When you need to adjust the space Word uses between characters, you need to adjust what is called “kerning.” This tip ...

Discover More

Understanding Monospace Fonts

Monospace fonts allow you to easily achieve a specific "look" with your text or to line up information in a certain way. ...

Discover More

Changing the Default Font

Don't like the font that Word uses for a default in your new documents? You can pick a different font, but the way you ...

Discover More
Subscribe

FREE SERVICE: Get tips like this every week in WordTips, a free productivity newsletter. Enter your address and click "Subscribe."

View most recent newsletter.

Comments

If you would like to add an image to your comment (not an avatar, but an image to help in making the point of your comment), include the characters [{fig}] in your comment text. You’ll be prompted to upload your image when you submit the comment. Maximum image size is 6Mpixels. Images larger than 600px wide or 1000px tall will be reduced. Up to three images may be included in a comment. All images are subject to review. Commenting privileges may be curtailed if inappropriate images are posted.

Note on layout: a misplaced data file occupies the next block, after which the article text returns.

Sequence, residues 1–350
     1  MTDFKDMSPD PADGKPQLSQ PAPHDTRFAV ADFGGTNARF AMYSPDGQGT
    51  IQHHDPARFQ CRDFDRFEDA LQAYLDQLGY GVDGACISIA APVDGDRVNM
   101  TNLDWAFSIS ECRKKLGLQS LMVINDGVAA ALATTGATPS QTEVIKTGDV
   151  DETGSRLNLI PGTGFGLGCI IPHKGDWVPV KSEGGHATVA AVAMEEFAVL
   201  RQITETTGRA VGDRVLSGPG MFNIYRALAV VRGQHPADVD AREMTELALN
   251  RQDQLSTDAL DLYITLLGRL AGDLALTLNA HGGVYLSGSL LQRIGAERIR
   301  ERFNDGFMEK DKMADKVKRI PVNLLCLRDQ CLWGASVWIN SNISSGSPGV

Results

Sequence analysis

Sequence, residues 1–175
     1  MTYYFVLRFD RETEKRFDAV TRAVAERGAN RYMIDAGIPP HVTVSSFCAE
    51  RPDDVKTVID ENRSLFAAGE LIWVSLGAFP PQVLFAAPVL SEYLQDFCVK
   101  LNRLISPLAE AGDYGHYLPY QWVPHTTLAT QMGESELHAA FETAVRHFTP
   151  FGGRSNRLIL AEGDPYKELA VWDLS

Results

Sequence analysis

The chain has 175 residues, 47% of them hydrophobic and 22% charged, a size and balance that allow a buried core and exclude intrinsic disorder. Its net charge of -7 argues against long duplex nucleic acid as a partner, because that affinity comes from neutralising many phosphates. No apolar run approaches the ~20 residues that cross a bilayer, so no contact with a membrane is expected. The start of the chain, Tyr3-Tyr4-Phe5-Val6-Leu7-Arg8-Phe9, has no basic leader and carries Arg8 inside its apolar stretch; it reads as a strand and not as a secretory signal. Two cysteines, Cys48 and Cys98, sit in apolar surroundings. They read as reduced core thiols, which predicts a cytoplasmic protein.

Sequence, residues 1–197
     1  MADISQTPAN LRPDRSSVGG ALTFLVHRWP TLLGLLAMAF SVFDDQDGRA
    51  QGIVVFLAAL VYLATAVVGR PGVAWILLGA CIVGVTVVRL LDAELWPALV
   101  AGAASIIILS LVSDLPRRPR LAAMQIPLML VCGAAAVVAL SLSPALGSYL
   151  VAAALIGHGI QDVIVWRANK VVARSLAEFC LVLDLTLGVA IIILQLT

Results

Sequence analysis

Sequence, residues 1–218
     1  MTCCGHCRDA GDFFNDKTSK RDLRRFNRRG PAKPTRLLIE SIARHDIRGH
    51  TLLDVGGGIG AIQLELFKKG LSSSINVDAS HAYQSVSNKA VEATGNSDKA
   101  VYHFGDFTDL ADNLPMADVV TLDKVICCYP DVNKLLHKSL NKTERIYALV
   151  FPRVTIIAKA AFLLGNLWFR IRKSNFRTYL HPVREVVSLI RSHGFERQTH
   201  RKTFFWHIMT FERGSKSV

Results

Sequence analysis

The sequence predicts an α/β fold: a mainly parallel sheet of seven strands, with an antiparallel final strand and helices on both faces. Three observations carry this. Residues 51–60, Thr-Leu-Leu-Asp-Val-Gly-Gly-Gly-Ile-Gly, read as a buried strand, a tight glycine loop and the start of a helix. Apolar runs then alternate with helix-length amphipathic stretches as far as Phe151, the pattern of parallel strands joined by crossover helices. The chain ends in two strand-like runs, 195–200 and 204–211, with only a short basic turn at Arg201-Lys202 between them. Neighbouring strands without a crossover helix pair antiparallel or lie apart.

What is 9 + 6?

2020-06-17 16:29:55

Monty

In looking at this tip a second time I may be missing the point here because I don't understand why one would go to all the convoluted nonsense to make an entry this way, which is fixed and cannot be changed without editing the field, rather than just entering the number with a $ in front.

I would like to be able to have a form with a table where I can enter a different number in the various cells, formatted as currency, each time I use the document, and have the column summed. I know how to do this as a form field with legacy controls, and do it all the time, but it does mean using form protection which has its own issues. Surely there must be a way to do the same simple task with the new Controls found in the ribbon versions of Word.

I know Word is an MS product and therefore does some strange things with newer versions that are often not improved, just new, as compared to a previous version of the product. The ribbon itself being the most glaring example in my opinion.


2020-06-17 15:54:03

Monty

I am not sure about the Shift F9 but pressing either just F9 or right clicking on the field and selecting "Update field" works for me on 2019 or 365 whatever I have.


2020-04-21 12:02:04

Kimberly

I am using 2019, and this solution is not working for me as well. I tried several times.


2020-03-01 11:26:25

FONTAINE

I am using the last version of Word most recent
and this solution is not working
I have tried several times
when I enter Shift+F9 everything is removed!
Can you help?


This Site

Got a version of Word that uses the ribbon interface (Word 2007 or later)? This site is for you! If you use an earlier version of Word, visit our WordTips site focusing on the menu interface.

Newest Tips
Subscribe

FREE SERVICE: Get tips like this every week in WordTips, a free productivity newsletter. Enter your address and click "Subscribe."

(Your e-mail address is not shared with anyone, ever.)

View the most recent newsletter.